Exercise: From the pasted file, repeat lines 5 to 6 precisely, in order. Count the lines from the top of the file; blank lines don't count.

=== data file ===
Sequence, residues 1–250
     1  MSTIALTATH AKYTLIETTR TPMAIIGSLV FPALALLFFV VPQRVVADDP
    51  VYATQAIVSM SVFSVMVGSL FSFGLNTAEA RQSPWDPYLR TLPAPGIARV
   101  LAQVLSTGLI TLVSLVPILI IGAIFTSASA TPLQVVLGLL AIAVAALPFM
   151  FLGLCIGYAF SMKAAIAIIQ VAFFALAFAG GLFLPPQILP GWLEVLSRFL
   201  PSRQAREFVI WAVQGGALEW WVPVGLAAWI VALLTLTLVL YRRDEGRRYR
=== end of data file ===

   151  FLGLCIGYAF SMKAAIAIIQ VAFFALAFAG GLFLPPQILP GWLEVLSRFL
   201  PSRQAREFVI WAVQGGALEW WVPVGLAAWI VALLTLTLVL YRRDEGRRYR